Cairo: “Do you think January 26 will pass peacefully?” This question has dominated talk shows in Egypt on the eve of a long-awaited ruling on the nation’s worst football disaster on Saturday.
In February last year, 74 football fans were killed and 254 injured in rioting following a match between hosts Al Masry and Egypt’s top team Al Ahly in the coastal city of Port Saeed.
Seventy-three suspects, including nine policemen, were arrested and put on trial on charges ranging from negligence of duty to involvement in the killings.
Domestic football competitions were suspended in the aftermath of the tragedy. Under pressure from militant fans known as the ultras, authorities have delayed the resumption of the matches several times.
“Saturday will be a decisive day in the lives of many people and may be the last day in the lives of others,” the ultras of Al Ahly said in an online statement two days before the scheduled verdict.
“Death will be the fate of everyone involved in plotting and carrying out the Port Saeed massacre.”
The hardcore fans, mostly youth, this week launched in Cairo what they called “start-of-anger protests”, warning that they will avenge the Port Saeed deaths if the court ruling does not deliver “fair retribution”.
On Wednesday, thousands of the ultras encircled the Egyptian Stock Exchange building in Cairo before blocking the city’s Underground service for an hour.
In the lead-up to the verdict day, the ultras have spray-painted graffiti on walls and metro stations. They read: ‘Retribution or Chaos’ and ‘Retribution is my demand’.
They also vowed to camp outside the courthouse early on Saturday and await the verdict.
The ultras played a key role in the mass protests that forced Hosni Mubarak to step down nearly two years ago and have since called for “purging” the police.
In an apparent bid to allay their anger, President Mohammad Mursi this week issued a decree, designating the Port Saeed fatalities as “martyrs of the revolution” — a move entitling the victims’ families to state compensation.
“The decree is overdue,” said Hany Abdul Rahim, a lawyer. “It is a political move timed to back up an official demand from prosecution to re-open investigations in the case,” he told Gulf News.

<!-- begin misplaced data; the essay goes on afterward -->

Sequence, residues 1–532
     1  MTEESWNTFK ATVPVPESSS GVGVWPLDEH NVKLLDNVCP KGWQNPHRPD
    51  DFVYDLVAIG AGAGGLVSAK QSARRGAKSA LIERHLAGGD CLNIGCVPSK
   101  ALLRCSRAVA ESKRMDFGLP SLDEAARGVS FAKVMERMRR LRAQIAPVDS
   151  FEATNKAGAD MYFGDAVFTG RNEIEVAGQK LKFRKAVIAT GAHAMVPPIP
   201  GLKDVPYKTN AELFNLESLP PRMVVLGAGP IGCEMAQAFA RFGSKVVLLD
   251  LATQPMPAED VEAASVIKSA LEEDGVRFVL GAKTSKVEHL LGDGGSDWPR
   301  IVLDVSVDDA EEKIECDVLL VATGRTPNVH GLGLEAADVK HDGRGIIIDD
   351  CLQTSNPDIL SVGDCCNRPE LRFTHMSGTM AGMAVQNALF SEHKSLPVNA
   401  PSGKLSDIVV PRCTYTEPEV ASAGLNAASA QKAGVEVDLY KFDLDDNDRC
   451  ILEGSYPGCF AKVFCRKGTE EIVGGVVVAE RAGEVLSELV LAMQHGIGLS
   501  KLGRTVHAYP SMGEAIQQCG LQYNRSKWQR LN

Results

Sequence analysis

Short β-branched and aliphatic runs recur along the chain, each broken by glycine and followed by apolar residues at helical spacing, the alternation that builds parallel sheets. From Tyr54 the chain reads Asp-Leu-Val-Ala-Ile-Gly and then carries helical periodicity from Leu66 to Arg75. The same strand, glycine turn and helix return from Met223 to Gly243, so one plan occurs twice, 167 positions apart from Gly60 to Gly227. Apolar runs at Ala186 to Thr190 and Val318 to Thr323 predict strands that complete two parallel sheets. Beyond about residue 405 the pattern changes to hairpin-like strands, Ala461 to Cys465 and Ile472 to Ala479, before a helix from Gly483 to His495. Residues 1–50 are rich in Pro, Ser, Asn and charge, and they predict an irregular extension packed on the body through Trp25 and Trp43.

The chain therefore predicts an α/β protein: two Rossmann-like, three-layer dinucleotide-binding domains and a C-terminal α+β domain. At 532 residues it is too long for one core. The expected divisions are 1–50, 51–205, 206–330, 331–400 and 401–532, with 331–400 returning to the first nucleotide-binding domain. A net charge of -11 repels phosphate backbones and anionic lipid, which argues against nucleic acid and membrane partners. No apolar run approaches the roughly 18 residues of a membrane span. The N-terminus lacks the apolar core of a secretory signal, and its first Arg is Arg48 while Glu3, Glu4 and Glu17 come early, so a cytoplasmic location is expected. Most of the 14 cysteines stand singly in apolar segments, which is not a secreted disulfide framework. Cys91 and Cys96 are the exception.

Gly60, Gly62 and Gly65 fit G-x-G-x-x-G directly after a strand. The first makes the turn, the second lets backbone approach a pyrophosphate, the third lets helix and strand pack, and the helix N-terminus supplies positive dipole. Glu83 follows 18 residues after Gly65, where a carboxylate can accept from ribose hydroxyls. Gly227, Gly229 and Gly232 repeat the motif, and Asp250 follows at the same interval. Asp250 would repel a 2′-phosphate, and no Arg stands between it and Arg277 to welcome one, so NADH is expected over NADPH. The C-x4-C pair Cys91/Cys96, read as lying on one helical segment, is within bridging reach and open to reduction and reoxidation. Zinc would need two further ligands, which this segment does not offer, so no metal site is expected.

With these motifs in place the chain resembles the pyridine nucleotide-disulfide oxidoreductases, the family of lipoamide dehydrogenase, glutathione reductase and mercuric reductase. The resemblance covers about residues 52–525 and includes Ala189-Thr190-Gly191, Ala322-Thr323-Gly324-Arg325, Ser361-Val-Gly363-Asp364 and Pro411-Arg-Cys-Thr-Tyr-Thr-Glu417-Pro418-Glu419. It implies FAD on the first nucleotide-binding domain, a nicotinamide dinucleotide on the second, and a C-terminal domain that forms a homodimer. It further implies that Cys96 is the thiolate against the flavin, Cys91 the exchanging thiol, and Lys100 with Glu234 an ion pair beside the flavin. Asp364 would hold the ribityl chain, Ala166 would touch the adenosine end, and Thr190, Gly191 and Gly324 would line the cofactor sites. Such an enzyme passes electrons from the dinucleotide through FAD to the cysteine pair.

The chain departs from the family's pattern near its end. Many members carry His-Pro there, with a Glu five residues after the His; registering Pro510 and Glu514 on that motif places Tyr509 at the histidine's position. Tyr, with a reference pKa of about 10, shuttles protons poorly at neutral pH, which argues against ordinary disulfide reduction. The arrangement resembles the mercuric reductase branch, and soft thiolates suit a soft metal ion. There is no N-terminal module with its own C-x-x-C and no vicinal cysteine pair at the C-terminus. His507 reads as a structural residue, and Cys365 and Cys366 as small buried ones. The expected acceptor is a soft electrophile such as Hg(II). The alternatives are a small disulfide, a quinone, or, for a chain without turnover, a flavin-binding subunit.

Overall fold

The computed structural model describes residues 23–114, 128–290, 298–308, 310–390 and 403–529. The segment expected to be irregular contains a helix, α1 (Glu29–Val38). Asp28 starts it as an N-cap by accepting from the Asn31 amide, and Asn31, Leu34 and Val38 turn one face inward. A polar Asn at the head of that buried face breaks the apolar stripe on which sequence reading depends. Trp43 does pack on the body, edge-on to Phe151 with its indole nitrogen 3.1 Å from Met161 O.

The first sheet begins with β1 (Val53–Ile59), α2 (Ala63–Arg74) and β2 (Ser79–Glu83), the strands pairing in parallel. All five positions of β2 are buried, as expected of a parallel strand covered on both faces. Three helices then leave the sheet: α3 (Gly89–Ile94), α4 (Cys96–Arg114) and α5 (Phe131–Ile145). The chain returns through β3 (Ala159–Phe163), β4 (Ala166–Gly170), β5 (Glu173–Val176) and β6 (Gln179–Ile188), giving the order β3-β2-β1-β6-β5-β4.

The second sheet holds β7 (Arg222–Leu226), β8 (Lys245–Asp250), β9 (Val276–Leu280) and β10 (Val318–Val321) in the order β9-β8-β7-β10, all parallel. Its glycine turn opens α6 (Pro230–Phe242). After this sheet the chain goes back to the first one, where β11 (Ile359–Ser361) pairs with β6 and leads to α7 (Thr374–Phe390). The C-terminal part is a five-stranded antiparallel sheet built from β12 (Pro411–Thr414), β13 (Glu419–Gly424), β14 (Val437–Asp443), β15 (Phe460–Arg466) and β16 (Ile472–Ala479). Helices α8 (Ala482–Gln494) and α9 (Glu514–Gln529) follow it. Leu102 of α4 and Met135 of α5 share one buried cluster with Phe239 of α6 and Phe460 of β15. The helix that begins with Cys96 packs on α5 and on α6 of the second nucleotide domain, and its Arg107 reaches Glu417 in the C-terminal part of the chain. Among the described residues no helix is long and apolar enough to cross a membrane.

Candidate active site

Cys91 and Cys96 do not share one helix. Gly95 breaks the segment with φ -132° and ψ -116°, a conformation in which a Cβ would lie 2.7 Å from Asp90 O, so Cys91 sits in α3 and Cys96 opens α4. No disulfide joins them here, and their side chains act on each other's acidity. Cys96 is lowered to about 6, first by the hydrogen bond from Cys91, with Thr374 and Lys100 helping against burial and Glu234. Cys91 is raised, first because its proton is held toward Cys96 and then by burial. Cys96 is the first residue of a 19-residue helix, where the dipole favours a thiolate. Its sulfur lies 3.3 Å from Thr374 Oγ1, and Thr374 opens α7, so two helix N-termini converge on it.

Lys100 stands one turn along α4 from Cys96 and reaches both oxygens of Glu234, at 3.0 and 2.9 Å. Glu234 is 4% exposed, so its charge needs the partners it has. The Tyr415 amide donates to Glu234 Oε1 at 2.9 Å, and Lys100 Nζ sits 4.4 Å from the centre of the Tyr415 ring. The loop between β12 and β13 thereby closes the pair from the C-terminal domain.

“The court has the authority to postpone announcing the ruling, but this will delay the explosion and not defuse it.”
Earlier this week, Prosecutor-General Talaat Abdullah, appointed by Mursi, requested the court, handling the case to extend its hearings, citing new evidence.
“The alleged new evidence is a political manouevre to contain public anger,” said Al Badr Farghali, a former MP for Port Saeed. “Why has the public prosecutor waited until few days before the ruling to come up with the new evidence?” he told the private Dream TV.
Football fans in Port Saeed have, meanwhile, said they will also gather outside the courthouse on Saturday, fueling fears about bloody clashes with those of Cairo.
The Port Saeed’s people have frequently denied involvement in the stadium deaths, blaming them on allegedly paid hooligans from outside the city and Mubarak loyalists.
The newly appointed Interior Minister Mohammad Ebrahim has recently admitted concerns about acts of violence following the verdict pronouncement.
He said he has approached the Justice Ministry to keep defendants inside a high-security prison and not take them to the court on Saturday to head off the possibility they may be attacked by the ultras.
According to him, the defendants will learn about the rulings via a TV feed telecasting live the session into their prison.
There is no word yet on the final arrangement.